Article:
EPPO Global Database

EPPO Reporting Service no. 05 - 2005 Num. article: 2005/078

First report of Brenneria quercina causing bark canker on oaks in Spain: addition to the EPPO Alert List

In 1967, a new bacterium Erwinia quercina (later reclassified as Brenneria quercina) was identified on oaks in California (US). The disease was found on Quercus agrifolia and Q. wislizenii causing exudates and rotting on acorns. Since then, this disease has hardly been reported again in California, or elsewhere. But in forests of central Spain, during the last 10 years, symptoms of bark cankers and decay have been observed. In recent studies, Brenneria quercina has been identified as the causal agent of bark cankers on Q. ilex and Q. pyrenaica, characterized by bark cankers, bud and nut dripping. Fatty acid profiles of the Spanish isolates were similar to the strain of B. quercina from California, but in serological tests some differences were found. Pathogenicity tests showed that the Spanish isolates were able to reproduce internal symptoms of necrosis and acorn exudation in Q. ilex and Q. pyrenaica. It was suggested that B. quercina may be associated, among other causes, with the oak decline syndrome which affects Spanish oak forests. The EPPO Secretariat considered that it was useful to attract countries’ attention to this new pathogen of oak trees, although much data is lacking on its host range, geographical distribution, biology, epidemiology, and economic/environmental impact.

Brenneria (Erwinia) quercina (bark canker and drippy nut of Quercus)
Why: In 1967, a new bacterial disease of oak caused by Erwinia quercina (later reclassified as Brenneria quercina) was reported in California (US) and called drippy nut, due to significant bacterial ooze observed on acorns. Apparently, this disease was no longer observed in USA nor reported from other countries until 1992, when the bacterium was found on forest oaks in Spain, causing slightly different types of damage (ie. bark cankers and bacterial ooze on leaf buds).

EPPO region: Spain (near Madrid and Segovia; first isolated in 1992 on Q. ilex; in 2001, also reported in Comunidad Valenciana).
North America: USA (California, first description made in 1967 and apparently no further reports were made since then).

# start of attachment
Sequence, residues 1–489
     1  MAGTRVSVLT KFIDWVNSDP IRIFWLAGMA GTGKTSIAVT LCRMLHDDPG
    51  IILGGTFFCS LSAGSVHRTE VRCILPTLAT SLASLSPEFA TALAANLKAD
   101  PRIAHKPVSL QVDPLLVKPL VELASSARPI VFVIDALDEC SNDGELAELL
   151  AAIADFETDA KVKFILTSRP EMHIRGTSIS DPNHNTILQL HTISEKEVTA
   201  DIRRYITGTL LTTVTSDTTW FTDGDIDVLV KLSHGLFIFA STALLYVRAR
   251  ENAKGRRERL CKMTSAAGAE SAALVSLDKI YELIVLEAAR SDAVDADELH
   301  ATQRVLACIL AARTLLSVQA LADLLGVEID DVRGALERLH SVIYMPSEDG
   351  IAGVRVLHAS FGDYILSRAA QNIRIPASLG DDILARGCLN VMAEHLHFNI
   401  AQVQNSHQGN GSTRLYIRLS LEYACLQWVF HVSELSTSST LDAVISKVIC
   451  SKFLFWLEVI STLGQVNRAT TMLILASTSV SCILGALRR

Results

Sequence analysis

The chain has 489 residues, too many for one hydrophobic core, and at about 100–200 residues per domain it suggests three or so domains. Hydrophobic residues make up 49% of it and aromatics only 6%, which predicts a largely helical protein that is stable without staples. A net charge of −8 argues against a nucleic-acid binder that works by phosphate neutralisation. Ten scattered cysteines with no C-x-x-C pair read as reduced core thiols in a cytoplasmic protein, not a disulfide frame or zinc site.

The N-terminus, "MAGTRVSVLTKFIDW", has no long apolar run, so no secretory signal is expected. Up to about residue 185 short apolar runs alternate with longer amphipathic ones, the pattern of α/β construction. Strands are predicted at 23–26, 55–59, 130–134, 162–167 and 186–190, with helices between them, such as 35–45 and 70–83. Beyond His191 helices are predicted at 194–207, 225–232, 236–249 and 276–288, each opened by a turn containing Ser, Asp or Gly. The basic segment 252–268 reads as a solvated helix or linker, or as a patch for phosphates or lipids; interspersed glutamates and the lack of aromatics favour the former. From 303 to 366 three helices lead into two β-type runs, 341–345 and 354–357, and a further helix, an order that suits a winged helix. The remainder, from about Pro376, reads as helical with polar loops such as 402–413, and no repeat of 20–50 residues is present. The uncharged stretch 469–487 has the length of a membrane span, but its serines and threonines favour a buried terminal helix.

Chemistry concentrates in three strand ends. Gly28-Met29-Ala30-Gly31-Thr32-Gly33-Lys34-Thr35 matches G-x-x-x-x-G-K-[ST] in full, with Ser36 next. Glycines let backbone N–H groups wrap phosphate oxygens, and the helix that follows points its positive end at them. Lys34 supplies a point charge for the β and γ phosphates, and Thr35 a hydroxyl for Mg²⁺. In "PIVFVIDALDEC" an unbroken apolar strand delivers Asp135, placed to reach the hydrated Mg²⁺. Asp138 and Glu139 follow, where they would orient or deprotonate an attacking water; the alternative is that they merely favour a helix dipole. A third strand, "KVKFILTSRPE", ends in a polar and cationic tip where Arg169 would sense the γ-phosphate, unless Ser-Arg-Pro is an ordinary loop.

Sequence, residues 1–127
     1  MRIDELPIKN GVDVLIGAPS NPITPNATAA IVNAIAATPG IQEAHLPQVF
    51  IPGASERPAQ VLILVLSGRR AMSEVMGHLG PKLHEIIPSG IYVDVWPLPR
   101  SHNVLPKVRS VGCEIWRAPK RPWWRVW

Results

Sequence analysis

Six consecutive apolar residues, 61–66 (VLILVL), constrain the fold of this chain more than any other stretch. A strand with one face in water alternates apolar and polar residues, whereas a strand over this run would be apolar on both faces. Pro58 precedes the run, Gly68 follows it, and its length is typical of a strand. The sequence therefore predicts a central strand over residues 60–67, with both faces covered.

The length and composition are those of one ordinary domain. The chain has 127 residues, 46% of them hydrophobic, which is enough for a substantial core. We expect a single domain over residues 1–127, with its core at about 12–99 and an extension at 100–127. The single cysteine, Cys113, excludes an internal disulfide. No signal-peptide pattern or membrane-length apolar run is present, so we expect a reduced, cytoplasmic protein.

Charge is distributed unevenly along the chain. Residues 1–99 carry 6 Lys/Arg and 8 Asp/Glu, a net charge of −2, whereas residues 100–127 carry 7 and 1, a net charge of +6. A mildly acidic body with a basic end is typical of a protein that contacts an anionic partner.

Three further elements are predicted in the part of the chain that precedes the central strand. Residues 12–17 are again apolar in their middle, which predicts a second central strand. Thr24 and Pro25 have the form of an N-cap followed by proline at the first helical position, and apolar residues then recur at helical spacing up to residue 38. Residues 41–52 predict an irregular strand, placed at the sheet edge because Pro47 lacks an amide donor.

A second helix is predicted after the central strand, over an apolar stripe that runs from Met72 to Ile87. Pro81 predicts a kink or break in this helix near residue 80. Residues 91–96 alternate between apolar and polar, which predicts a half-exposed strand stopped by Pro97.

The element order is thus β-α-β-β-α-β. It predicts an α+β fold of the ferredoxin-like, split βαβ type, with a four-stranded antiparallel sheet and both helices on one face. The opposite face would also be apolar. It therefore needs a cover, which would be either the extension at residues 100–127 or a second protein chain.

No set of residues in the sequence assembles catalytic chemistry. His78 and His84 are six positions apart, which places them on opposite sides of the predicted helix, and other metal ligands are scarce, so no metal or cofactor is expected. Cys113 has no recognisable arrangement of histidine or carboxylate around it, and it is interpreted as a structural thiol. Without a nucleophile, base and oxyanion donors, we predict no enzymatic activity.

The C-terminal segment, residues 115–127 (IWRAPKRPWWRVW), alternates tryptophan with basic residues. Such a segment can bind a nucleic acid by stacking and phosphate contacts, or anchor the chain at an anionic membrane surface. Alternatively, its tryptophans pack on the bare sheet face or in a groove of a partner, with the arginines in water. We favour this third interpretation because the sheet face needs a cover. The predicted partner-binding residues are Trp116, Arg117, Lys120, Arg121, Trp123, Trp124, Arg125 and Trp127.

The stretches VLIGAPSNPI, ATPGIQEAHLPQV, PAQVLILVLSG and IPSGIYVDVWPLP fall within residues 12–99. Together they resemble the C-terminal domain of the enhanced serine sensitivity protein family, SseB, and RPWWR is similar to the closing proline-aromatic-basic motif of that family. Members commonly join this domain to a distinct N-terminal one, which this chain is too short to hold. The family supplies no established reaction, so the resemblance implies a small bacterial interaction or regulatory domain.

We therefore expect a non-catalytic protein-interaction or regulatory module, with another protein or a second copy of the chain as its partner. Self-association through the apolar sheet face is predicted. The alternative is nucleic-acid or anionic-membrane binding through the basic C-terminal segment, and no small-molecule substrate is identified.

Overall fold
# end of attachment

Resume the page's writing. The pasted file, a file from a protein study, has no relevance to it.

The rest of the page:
On which plants: Quercus spp. (Q. agrifolia and Q. wislizenii in California, Q. ilex and Q. pyrenaica in Spain). More data is needed on the susceptibility of other European Quercus species.

Damage: In California, the disease was described as ‘drippy nut’. The first visible symptoms were darkening and oozing at insect punctures in the acorns. Bacterial ooze was observed at the base of the nut. Rotting of the nuts was also observed. After the nut had fallen, in some cases the acorn cup produced bacterial ooze. The disease occurred in later summer when day temperatures were hot (average around 29°C). In Spain the disease presented some additional symptoms. The first symptoms were bark cankers, although the ‘drippy nut’ symptom was observed in later surveys. A frequent symptom was the presence of irregular, longitudinal cankers of a few centimetres in size on the trunk and branches (reaching in some cases up to 20 cm). These cankers, variable in depth, showing necrosis of the affected tissues and copious exudations, usually appeared on the bark surface of the lower trunk. Necrotic lesions extended to inner bark. Oak trees seriously affected by bark cankers were usually mature (more than 20 years old), showing a progressive loss of vigour, foliage reduction and early leaf senescence. Exudates were frequently observed in growing acorns. Copious, sticky, honey-like sap appeared under the acorn cup and caused severe fruit drop. In many cases, acorns rotted. Exudates from leaf buds were also observed in some Q. pyrenaica trees, which were not described in California. Surveys done in forests near Madrid since 1996 have shown that symptoms were very widespread and that approximately 30 to 40 % of the acorns were affected. Acorns are a valuable source for wildlife, as well as for feeding pigs.

Dissemination: It is suspected that the bacteria enter through wounds, but it is not known whether the lesions observed in natural conditions are produced by or just used by the bacterium to enter into the plant. In California, it has been suggested that the bacterium entered the acorns through holes made by insects, especially by Cynipidae. Water most probably plays a role in disseminating the bacterium.

Pathway: Plants for planting of Quercus, seeds ?

Possible risks: Oaks are important forest and amenity trees. No control methods are available against B. quercina. Although more details are needed on the host range, biology, geographical distribution, epidemiology, the observations made in Spain suggested that B. quercina could be damaging to other oak species elsewhere in the EPPO region. The possible role of B. quercina in the oak decline symptom has to be further studied.

EPPO RS 2005/078
Panel review date        -        Entry date 2005-05


Biosca EG, González R, López- López M, Soria S, Montón C, Pérez-Laorga E, López MM (2003) Isolation and characterization of Brenneria quercina causal agent for bark canker and drippy nut of Quercus spp. in Spain. Phytopathology 93(4), 485-492.
CMI (1981) Descriptions of pathogenic fungi and bacteria: Erwinia quercina, no. 693, CABI, Wallingford, United Kingdom, 2 pp.
Hildebrand DC, Schroth MN (1967) A new species of Erwinia causing the drippy nut disease of live oaks. Phytopathology 57, 384-397.
Centre d’Informació i Documentació Ambiental dela Comunitat Valenciana. Resultadoes de la prospección año 2001. http://www.cma.gva.es/cidam/emedio/biodiversidad/Insectos/Enfermedades/Brenneria